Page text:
Recipe: Easy summer tomato tarts

Simple tomato tarts. From a recipe in the August 2018 issue of LandScape.

Simple tomato tarts. From a recipe in the August 2018 issue of LandScape.

These simple tomato tarts can be made quickly and easily, served as they are or with a sprinkling of goat's cheese or feta.

Makes 12
500g small tomatoes, roughly chopped
250g white bread rolls, thinly sliced
3 tbsp milk
2 tbsp oil, plus extra for greasing
2 tbsp fresh thyme leaves, plus extra to garnish
½ red onion, peeled and chopped
1 garlic clove, peeled and crushed
juice of 1 lemon
sea salt and black pepper

Preheat the oven to 190°C/gas mark 5 and grease a 12-hole cupcake tray with oil. Place the bread slices in a bowl and sprinkle with the milk. Allow the bread to soak for 5 mins.

In the meantime, place the chopped tomatoes in a mixing bowl, then mix in the oil, thyme, red onion, garlic and lemon juice. Season with the salt and pepper.

Line the cupcake tray holes with the bread slices, moulding them into the holes to cover them and create a case. Fill the bread cases heavily with the tomato mixture. Bake for 15-20 mins until golden, then allow to cool for 5 mins. Serve straightaway or chilled, presented in paper muffin cases and garnished with thyme leaves.

 

 

 

More recipes for savoury summer tarts in the August 2018 issue of LandScape magazine...

  • Red, yellow and green pepper tart
  • Courgette tart
  • Beetroot and spring onion quiche
  • Salmon tarts
  • Cheddar, green bean and ham tarts

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Recipe: Strawberry and cream tart

A simple, delightful pairing: strawberries and cream, in an easy to make tart. From a recipe in the June 2018 issue of LandScape

A simple, delightful pairing: strawberries and cream, in an easy to make tart. From a recipe in the June 2018 issue of LandScape

With clouds of fluffy strawberry cream topped with sweetly refreshing strawberry slices, this delicious strawberry tart is easy to make and uses only six ingredients – of which one is the fruit.

Serves 8
400g strawberries, hulled
400ml double cream
120g butter, plus extra for greasing
300g digestive biscuits
1 tbsp vanilla paste

Grease a 23cm round, 5cm deep, loose-bottomed tin. In a large saucepan, melt the butter until liquid. In a bowl, crush the biscuits with the end of a rolling pin. Off the heat, add the biscuit crumbs to the butter and stir thoroughly. Press the mixture into the prepared tin using the back of a dessert spoon, to make a tart base, pushing it together until it is solid. This may take several minutes. Chill the biscuit base for 1 hr.

Place half the strawberries in a food processor and blend until pureed. In a large bowl, whip the double cream for 3 mins until firm, then fold the strawberry puree and vanilla paste through the cream. Fill the biscuit base with the cream mixture and flatten with the dessert spoon. Slice the remaining strawberries in half and decorate the top. Leave to chill for 1 hr before serving.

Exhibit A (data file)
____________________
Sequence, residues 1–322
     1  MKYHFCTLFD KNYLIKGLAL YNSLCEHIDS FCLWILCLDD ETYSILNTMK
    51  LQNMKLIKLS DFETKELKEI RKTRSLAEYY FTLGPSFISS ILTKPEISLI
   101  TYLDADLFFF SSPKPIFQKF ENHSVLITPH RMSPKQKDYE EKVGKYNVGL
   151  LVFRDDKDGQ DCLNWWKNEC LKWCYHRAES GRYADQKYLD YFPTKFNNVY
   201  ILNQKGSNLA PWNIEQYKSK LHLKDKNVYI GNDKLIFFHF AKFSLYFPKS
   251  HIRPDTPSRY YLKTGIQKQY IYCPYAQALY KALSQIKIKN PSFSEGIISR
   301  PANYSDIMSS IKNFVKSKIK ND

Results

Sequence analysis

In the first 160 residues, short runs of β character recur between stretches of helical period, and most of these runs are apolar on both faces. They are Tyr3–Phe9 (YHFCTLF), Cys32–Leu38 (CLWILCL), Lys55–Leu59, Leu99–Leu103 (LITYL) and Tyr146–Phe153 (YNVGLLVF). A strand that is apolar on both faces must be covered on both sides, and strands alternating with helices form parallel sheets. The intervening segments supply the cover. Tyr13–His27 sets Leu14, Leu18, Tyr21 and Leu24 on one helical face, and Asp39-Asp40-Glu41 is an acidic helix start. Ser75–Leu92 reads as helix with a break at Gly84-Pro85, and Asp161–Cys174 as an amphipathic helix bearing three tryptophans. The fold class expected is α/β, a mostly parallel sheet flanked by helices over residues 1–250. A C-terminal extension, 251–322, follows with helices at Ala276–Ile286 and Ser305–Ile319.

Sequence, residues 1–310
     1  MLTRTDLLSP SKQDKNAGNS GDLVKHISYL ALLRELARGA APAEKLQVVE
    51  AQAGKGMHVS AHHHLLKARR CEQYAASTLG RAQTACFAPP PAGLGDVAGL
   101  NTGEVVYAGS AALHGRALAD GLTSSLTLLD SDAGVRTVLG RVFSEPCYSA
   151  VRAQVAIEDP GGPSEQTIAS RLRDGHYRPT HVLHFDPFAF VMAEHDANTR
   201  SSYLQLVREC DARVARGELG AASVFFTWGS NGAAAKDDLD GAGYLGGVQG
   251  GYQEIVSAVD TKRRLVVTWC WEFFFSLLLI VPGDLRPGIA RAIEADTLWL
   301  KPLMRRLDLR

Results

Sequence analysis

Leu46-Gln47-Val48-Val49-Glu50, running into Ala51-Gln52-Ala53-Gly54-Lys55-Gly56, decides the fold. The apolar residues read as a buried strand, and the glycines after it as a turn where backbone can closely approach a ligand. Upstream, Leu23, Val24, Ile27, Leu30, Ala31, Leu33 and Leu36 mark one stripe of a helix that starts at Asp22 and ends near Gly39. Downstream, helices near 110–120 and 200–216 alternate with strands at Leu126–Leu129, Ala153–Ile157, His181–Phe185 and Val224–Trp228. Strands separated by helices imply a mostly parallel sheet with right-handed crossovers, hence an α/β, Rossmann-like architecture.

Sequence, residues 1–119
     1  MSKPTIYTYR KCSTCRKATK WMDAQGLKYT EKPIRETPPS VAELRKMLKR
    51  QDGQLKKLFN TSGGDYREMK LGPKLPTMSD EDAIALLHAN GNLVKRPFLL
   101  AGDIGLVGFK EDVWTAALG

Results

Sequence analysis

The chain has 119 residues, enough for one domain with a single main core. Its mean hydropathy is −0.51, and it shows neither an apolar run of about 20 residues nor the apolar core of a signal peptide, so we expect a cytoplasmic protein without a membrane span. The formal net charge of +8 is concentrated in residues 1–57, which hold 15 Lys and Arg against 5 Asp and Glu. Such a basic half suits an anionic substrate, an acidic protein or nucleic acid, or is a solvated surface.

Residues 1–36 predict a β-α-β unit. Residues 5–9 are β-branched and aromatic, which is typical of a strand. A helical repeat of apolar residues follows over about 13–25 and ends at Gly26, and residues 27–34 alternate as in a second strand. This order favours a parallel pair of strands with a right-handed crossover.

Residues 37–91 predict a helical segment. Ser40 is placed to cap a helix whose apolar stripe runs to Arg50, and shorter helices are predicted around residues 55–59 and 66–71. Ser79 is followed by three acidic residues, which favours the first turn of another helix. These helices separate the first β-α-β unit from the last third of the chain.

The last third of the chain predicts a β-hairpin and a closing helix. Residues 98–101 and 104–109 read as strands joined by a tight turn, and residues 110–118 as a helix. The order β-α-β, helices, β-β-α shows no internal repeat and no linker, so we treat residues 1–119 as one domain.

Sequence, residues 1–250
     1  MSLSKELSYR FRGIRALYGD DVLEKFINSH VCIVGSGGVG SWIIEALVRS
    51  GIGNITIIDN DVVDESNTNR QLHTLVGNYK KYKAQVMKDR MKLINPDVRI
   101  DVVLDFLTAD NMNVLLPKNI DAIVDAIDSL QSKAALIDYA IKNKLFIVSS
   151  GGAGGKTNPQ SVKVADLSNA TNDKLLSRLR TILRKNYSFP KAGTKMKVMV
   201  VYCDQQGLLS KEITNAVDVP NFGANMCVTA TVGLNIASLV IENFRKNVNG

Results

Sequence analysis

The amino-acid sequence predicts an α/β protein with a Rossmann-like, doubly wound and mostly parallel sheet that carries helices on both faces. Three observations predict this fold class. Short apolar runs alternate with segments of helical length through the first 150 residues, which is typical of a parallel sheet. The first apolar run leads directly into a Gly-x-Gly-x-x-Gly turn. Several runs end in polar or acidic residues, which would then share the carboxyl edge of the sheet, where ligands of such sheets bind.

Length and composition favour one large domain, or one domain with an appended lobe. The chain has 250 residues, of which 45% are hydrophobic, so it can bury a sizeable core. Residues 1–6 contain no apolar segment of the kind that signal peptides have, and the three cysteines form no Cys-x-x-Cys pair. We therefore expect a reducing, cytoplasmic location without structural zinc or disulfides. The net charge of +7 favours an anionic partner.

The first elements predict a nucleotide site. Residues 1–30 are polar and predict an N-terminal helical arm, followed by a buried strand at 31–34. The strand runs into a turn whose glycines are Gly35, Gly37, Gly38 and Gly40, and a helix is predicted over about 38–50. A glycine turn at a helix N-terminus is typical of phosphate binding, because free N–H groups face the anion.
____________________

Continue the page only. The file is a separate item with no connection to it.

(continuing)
More recipes using strawberries in the June 2018 issue of LandScape magazine...

  • Strawberry creams
  • Strawberry shortbread
  • Strawberry-filled meringues
  • Strawberry, thyme and lemon tarts
  • Strawberry drizzle cake

 

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Recipe: White chocolate cheesecake

A slice of white chocolate cheesecake, a perfect springtime treat, from a recipe in the May 2018 issue of LandScape

A slice of white chocolate cheesecake, a perfect springtime treat, from a recipe in the May 2018 issue of LandScape

Sweetly creamy white chocolate makes an indulgent filling for this easy cheesecake recipe.

Serves 8
150g white chocolate, chopped
60g white chocolate, grated, to decorate
250g digestive biscuits, finely crushed
125g unsalted butter, melted
3 tsp powdered gelatine (for a vegetarian version, substitute with the same quantity of agar agar)
500g cream cheese, softened
180g caster sugar
150g sour cream
3 tbsp boiling water
white fondant rose, optional

 

Preheat the oven to 175°C/gas mark 4. Separate two of the eggs into two cups. In a large bowl, cream the butter with a pinch of salt, the vanilla extract and 250g of the sugar. Gradually stir in the egg yolks and the remaining eggs. In a separate bowl, mix the flour with the baking powder. Add this to the wet mix in batches, alternating with the gradual addition of the milk. Mix well after each addition. Place one third of the mixture into a 26cm greased springform cake tin and smooth the top.

Using a hand whisk, beat the egg whites, gradually adding the remaining sugar. Loosely spread this on top of the mixture in the cake tin, to approximately 5mm from the edge. Sprinkle with the flaked almonds.

Place in the oven and bake for 20-25 mins. Remove, leaving the oven on, and place on a cooling rack. Carefully ease the cake from the tin and allow to cool. Clean, dry and re-grease the tin, then add the remaining mixture and place in the oven, still at 175°C/gas mark 4. Bake for 40-45 mins. Remove and place on a cooling rack, carefully remove from the tin and allow to cool. Cut this piece of cake into two layers, slicing it horizontally through the centre.